Flowering hydrangeas are a telltale sign of summer. Nothing beats the beautiful sight of blooming hydrangeas in a variety of colors. The white, blue, pink or purple flowers paired with bright green foliage look gorgeous in every summer garden.
While we’re typically used to seeing low growing hydrangea bushes, how great would it be to see hydrangeas on trees? Well, the good news is, you can! Here is how you can grow a hydrangea tree.
Choosing the One
Hydrangea paniculata, also known as Grandiflora, produces white conical flowers instead of big spherical blossoms. With some pruning and proper care, it can grow up to 25 feet tall! Grandiflora, known among gardeners as Pee Gee Hydrangea, is your best bet for growing a hydrangea tree.
Before you plant, set yourself up for success. Check your hardiness zone, as hydrangea trees thrive in USDA plant hardiness zones 5 through 8a. Hydrangeas prefer full sun for most of the day and a bit of afternoon shade, so be sure to choose a generally bright spot.
Hydrangeas typically thrive in rich, porous, moist soil. Add Espoma’s Bio-tone Starter Plus to ensure healthy growth. Water thoroughly and if planting multiple trees, be sure to space each hydrangea at least 3 to 10 feet apart.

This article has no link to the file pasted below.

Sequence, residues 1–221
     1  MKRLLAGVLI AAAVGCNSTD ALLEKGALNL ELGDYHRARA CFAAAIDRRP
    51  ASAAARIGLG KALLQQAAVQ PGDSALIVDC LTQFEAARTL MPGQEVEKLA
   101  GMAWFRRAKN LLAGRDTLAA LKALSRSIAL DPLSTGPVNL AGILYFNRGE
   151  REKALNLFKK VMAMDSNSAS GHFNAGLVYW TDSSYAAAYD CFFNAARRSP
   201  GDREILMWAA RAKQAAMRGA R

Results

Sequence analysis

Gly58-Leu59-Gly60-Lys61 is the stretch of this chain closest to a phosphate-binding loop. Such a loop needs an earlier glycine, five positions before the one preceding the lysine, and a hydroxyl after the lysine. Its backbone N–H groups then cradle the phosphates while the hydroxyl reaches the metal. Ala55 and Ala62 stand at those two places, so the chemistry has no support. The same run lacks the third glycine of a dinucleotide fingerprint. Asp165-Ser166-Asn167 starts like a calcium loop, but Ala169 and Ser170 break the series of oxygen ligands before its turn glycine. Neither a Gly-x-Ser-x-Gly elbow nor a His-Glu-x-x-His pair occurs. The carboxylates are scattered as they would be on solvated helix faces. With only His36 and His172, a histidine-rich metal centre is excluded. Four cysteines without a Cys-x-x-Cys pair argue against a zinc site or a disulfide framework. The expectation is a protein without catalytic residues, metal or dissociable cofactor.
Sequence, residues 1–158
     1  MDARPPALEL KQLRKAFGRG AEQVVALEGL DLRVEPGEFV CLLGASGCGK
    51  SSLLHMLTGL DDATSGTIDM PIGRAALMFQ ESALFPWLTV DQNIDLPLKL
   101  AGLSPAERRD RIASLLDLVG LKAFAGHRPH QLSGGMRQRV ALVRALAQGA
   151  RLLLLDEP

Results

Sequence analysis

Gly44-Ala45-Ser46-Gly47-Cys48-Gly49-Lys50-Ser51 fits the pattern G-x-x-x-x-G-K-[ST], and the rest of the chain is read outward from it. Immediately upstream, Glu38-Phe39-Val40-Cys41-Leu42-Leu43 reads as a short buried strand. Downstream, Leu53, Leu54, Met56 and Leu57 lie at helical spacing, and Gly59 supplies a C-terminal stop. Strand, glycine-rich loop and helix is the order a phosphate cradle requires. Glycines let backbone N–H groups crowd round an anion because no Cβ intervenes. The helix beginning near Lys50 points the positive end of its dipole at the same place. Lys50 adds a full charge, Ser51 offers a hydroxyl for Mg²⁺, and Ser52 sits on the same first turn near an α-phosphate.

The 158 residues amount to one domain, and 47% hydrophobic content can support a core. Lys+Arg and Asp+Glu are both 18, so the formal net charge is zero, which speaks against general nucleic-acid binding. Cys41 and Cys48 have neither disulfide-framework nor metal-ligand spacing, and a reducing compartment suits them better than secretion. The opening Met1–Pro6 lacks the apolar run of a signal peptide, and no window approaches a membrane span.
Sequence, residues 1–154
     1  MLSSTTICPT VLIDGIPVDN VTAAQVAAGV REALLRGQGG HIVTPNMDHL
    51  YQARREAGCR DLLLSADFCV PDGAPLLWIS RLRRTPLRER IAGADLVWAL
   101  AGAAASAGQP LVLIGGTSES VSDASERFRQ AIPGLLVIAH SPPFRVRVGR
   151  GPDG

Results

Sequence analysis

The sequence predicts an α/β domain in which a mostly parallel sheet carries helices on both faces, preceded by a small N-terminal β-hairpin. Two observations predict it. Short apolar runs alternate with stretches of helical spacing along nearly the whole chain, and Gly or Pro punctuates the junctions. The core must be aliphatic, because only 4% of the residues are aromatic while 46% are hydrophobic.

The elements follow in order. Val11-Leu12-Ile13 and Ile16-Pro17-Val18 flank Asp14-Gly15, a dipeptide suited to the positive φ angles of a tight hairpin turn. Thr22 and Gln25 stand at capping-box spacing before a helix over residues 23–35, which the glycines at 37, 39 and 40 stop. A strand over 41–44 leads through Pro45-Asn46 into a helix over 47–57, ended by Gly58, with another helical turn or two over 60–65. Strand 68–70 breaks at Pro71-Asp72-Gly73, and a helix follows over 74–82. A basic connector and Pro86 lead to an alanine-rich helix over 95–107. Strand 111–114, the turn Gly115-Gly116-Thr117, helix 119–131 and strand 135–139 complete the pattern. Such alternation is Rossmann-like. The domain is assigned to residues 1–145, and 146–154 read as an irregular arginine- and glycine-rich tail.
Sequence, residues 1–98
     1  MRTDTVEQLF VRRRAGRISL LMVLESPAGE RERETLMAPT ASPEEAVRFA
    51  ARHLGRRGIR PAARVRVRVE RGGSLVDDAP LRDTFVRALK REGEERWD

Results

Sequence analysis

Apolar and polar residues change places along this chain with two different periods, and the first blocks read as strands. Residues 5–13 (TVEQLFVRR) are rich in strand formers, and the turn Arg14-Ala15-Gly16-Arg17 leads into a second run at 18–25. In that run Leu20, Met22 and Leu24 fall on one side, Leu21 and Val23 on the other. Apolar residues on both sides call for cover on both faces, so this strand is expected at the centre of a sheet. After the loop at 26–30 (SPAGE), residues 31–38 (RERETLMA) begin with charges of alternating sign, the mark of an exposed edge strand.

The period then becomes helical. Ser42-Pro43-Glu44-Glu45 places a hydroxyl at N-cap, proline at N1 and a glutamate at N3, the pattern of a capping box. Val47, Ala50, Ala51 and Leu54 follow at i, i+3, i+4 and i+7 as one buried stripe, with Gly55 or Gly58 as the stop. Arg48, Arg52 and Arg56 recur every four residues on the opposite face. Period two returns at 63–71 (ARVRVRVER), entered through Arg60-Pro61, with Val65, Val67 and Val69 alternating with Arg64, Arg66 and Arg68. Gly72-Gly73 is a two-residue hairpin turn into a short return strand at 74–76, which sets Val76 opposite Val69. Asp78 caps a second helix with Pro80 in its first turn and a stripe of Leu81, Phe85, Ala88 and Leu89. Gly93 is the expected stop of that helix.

One of the most important parts of growing a hydrangea tree is pruning. The main difference between a hydrangea shrub and a tree is training, pruning and proper care. The ideal time to prune is early spring. Remove old twigs that didn’t produce healthy growths and remove suckers from the trunk of the tree. Keep your tree neat by cutting branches short enough that they each have only two or three nodes (small bumps on the branch that signify growth).
Your hydrangea tree will need a lot of sun, but provide some shade on especially hot summer afternoons. More sun means more water, so keep the soil moist to avoid wilting leaves and blooms. Prune your hydrangea tree in the spring before peak growing season. Enrich the soil with Espoma’s All-Purpose Garden Soil to ensure a successful summer season.
If you love your hydrangeas and want to see more than a typical shrub, growing a hydrangea tree sounds like the next step for you!